Shares of Garmin (GRMN -0.59%) trounced the market in 2019 as investors cheered the consumer electronics specialist's robust sales and profit growth. Yet much of that gain is built on the idea that Garmin would perform just as well over the peak holiday shopping season.

That enthusiasm also means the bar is set high for the upcoming earnings report that covers this important selling period. Let's look at what investors might see from Garmin when it announces its results on Wednesday, Feb. 19.

A hiker consults her smartwatch.

Image source: Getty Images.

No signs of stress

Garmin's growth in recent quarters has been impressive almost across the board. Sure, its automotive GPS division is shrinking, just as it has for several years. But the company is posting robust gains in its fitness, outdoor, and aviation segments thanks to a packed portfolio of popular products. Overall, sales jumped 15% last quarter despite a 17% decrease in the auto GPS segment.

The fourth quarter involves bigger competitive challenges than the seasonally weak third quarter, especially in the crowded fitness tracker and smartwatch spaces. We'll find out if Garmin met those challenges by judging its sales pace on Wednesday.

Management has projected that revenue will land at about $3.65 billion for the full year, or about $150 million above its initial 2019 outlook. The company will need to report $1 billion in Q4 revenue to meet that ambitious target, and that's what most investors are expecting to see on Wednesday.

Navigating to higher margins

Garmin has found a way in recent years to pair market-beating growth with rising profit margin, which has become a key element of the investment thesis. Operating margin has improved to 25% of sales from 23% through the first nine months of 2019, and a continued uptick in the fourth quarter will be an unmistakably positive sign of Garmin's pricing power and the wisdom of its strategic shift into high-margin areas like aircraft GPS platforms.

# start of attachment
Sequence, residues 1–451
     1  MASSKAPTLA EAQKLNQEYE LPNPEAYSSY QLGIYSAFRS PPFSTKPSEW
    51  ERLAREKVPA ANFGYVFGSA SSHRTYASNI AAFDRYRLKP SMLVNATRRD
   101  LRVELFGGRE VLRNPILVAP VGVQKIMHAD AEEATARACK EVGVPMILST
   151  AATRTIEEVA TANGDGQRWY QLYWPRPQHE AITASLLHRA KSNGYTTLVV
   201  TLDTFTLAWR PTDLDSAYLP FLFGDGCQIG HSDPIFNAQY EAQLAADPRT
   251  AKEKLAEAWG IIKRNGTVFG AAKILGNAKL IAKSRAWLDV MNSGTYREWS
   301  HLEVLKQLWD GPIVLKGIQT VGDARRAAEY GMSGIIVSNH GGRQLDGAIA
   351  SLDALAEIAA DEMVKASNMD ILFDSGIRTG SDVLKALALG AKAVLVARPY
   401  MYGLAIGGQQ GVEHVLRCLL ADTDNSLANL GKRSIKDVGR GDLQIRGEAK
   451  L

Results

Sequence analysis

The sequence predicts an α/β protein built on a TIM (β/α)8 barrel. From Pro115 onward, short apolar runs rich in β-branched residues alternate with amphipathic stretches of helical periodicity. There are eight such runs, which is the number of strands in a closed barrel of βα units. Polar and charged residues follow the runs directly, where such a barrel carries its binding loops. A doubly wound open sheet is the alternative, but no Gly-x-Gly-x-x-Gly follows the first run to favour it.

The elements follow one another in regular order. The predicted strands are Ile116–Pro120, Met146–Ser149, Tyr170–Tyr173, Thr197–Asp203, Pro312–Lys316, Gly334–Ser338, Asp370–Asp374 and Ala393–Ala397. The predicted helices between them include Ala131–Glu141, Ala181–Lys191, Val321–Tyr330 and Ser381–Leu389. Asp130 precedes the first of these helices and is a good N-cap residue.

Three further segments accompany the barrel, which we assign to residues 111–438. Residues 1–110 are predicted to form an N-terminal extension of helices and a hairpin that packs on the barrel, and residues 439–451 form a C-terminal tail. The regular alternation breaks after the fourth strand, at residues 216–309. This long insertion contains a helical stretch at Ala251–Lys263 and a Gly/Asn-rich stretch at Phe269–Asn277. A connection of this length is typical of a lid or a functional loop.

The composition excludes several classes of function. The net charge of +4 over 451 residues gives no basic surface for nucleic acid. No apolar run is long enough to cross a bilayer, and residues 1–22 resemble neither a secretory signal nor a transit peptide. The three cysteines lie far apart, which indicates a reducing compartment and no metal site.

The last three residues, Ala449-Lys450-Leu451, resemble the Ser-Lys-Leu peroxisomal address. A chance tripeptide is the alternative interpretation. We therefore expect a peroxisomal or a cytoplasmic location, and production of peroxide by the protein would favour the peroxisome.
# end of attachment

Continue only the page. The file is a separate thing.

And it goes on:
A weaker profitability result, on the other hand, might mean Garmin has lost some of its competitive strength amid price cuts and new launches by rivals like Fitbit (NYSE: FIT). But investors aren't predicting such a decline in this report.

Looking ahead to 2020

Assuming Garmin hits its financial targets, the tech company will have just closed its fourth consecutive year of market-beating sales growth and record profitability. That's a formula for significant earnings growth, and in fact profits should reach $4.15 per share in 2019 compared with $2.94 just two years ago.

Investors might expect the outlook that CEO Cliff Pemble and his team issue for 2020 to reflect that gathering momentum. Sure, the consumer electronics space is competitive and is subject to quick, disruptive demand shifts. But Garmin has endured these swings, including in the fitness tracker and automotive segments in recent years, while still notching record sales and earnings.

As a result, management's forecast for 2020 will likely include more growth on both the top and bottom lines.